Originally from India, Tanya Singh Schober grew up in Dubai and got a double degree in management and marketing. After holding executive positions in the United States, Australia, Dubai, Britain, Serbia and India, she settled in Bavaria two and a half years ago and got a job working for truck maker MAN.
What brought you to Germany and how long have you been living here?
My German husband. We met in London two and half years ago when I was doing my MBA. He has a business in Donauwörth, which is about a 100 kilometres from Münich, so we decided to settle here.
How did you land your job here? Was it difficult for you at the beginning?
Professionally, I started in Germany from scratch. I didn’t know any German during my first year here. Even if you are a well-educated management professional, without a local network language can be a significant barrier in your professional career. I live in a small village which made my case a little more difficult in terms of finding professional opportunities in the vicinity. Certain industries here like aerospace and automotive industries are regulated by certain union regulations and laws, which if you’re a foreigner with limited local know-how and network to advise you, is a major challenge to navigate through.
I started out at an interim position at Eurocopter which was very different from my professional background. During my eight months there, I started looking for other opportunities. In December 2011, I started working at my current job at MAN Truck and Bus AG, which is now part of the Volkswagen group.
What exactly does your job involve?
I am a project manager, in charge of cooperation management between MAN and joint ventures in countries like India, Russia and China.
How is working in Germany different from working in other countries?
Germany is a very “specific” culture to live and work in. To be comfortable with certain aspects of this culture, one must simply be born here. By “specific” I mean that the focus is purely on engineering. As a profession, it is given top priority and paid accordingly as well. The Commonwealth countries are more diverse and open – you could be an editor, journalist or in any other profession, and have the flexibility and opportunity to make a strong management career while earning as much as an engineer or doctor. There is also the issue of gender bias, that is, opportunities for women in management.
Additionally, language is a bottleneck for many foreigners as it is used both officially and unofficially in both German and international companies. However, I do agree that when in a country other than one’s own, speaking the local language is important.
Did you speak any German when you started out at MAN?
I’d say my level of German proficiency then was medium. I could converse and do business in German, but even now, it’s still a work in progress.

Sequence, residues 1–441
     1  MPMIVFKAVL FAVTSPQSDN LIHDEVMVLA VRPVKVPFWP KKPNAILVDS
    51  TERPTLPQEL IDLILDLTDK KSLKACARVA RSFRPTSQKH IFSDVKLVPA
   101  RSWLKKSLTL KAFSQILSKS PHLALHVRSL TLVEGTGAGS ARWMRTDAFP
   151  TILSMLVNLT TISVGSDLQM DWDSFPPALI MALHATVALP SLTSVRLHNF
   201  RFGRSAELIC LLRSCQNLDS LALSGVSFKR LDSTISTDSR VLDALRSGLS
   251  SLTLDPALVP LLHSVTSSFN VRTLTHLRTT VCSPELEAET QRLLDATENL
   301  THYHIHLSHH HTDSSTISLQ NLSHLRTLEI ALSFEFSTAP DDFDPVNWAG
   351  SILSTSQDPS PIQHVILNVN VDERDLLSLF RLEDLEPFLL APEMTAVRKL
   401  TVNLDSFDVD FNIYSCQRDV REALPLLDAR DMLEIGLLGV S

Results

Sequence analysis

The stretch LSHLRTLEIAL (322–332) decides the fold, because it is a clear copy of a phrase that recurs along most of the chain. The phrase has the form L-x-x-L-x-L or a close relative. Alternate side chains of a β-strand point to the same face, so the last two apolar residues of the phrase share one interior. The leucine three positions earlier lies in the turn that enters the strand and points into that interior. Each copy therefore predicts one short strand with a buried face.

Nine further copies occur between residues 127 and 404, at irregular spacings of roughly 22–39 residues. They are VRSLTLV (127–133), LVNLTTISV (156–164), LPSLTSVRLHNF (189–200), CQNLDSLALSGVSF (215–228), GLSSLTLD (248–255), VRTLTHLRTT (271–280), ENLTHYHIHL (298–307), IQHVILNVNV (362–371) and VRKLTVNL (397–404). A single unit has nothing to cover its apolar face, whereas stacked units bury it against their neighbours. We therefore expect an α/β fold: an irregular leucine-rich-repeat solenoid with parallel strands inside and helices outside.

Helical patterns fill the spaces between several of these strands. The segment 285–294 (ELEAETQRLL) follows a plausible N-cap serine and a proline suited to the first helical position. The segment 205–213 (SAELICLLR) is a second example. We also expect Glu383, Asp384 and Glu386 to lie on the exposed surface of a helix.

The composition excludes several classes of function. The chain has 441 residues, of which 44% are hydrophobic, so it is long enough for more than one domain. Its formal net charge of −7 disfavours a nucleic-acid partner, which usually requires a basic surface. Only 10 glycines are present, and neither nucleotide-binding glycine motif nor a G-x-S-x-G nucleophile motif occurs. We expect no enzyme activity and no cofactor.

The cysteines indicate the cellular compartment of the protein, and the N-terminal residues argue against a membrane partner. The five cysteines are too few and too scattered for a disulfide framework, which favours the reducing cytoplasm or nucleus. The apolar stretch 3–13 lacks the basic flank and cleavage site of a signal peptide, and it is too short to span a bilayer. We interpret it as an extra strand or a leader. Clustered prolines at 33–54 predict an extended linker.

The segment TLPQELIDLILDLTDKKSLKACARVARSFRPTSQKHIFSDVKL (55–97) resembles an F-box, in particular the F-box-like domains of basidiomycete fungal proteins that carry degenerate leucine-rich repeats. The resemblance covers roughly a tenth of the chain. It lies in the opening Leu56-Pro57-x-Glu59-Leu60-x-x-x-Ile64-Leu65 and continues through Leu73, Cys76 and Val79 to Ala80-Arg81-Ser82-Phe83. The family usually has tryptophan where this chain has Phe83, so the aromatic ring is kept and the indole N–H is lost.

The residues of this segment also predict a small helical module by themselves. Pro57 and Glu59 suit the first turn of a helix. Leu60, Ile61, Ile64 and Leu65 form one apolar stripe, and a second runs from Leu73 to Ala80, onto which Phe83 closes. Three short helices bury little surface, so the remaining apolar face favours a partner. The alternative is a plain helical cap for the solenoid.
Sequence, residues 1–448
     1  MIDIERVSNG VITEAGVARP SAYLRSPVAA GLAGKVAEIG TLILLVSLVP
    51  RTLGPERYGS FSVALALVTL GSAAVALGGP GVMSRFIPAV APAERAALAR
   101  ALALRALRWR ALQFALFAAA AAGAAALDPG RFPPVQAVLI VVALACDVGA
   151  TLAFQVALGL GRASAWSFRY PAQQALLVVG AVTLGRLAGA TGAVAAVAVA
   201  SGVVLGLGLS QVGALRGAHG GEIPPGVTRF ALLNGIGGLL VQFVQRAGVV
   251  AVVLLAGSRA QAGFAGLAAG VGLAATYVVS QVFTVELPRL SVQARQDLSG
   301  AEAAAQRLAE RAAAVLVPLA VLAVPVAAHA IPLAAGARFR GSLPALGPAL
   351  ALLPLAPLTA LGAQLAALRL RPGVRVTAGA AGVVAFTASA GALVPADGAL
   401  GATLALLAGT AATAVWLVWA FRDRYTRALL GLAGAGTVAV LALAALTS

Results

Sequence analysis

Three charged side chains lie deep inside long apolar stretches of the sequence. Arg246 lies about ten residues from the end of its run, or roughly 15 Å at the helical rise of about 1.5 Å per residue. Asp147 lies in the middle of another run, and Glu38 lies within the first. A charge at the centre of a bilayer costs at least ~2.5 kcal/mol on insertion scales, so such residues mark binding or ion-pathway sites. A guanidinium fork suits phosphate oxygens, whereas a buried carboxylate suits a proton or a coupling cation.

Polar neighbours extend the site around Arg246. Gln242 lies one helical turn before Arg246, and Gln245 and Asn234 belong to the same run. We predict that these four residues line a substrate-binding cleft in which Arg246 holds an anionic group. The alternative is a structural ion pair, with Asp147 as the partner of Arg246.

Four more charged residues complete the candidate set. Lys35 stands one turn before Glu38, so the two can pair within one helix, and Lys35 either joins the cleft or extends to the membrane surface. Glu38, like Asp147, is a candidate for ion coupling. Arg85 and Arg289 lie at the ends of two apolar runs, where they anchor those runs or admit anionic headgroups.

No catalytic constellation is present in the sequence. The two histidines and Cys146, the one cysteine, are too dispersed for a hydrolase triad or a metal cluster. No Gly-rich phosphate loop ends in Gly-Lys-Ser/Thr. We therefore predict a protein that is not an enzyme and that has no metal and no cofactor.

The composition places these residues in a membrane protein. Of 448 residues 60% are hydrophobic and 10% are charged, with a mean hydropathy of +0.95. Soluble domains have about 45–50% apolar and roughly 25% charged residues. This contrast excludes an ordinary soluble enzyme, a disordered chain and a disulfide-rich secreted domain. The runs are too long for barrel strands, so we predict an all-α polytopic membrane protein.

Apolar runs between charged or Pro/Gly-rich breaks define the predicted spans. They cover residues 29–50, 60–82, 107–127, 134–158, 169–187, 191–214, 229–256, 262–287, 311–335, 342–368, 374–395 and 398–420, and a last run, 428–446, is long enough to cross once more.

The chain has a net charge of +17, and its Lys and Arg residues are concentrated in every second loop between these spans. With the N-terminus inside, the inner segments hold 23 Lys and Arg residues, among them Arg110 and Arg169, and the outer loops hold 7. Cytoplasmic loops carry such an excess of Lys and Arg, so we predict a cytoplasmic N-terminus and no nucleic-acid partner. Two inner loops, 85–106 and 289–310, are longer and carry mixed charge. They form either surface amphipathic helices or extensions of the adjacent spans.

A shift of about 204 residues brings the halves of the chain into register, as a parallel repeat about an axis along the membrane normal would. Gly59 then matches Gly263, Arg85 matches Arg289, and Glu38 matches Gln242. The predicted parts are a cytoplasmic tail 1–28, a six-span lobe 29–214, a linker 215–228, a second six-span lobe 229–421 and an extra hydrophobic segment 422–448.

Is it important for someone in your position to be able to speak the language?
Yes and no. If you want to integrate in terms of achieving results with your colleagues and managers and prove yourself as a good performer, German is important.
How long after you got the job at MAN did you land the managerial position?
After 14 months, in January 2013. I started out with an entry-level position. I was pregnant at the time and working full time. I only took the minimum maternity leave and came back to work in 12 weeks. I realized that in general in Germany, if a woman doesn’t come back to work quickly enough, her chances in the professional corporate world are limited. The situation is changing, though.
Have you faced any prejudice at the work place in Germany?
Foreigners here need to make a very strong effort in order to integrate and adapt. As far as prejudices are concerned, I haven’t openly experienced anything, although that may be because I haven’t been able to recognize it. I am constantly reminded of and appreciated for the fact that I’m in the minority as a working mother in a management position. There is a wide gap here in companies between the genders. Quite often, being a manager, I end up being the only woman among male colleagues.
What are the best and worst things about working in Germany?
The best part is that they’re very disciplined and structured. They really need you to perform and then your path is clearer. But to get to this stage, you have to work very hard. In the countries I have resided in prior to my arrival here, you find a higher, more integrated percentage of people from different cultures and diverse backgrounds. Therefore, the significance of the value added with diverse workforce is very high and highly welcomed. For the future, it would great to see Germany also embracing the many advantages of a diverse workforce.
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Interview conducted by Mithila Borker.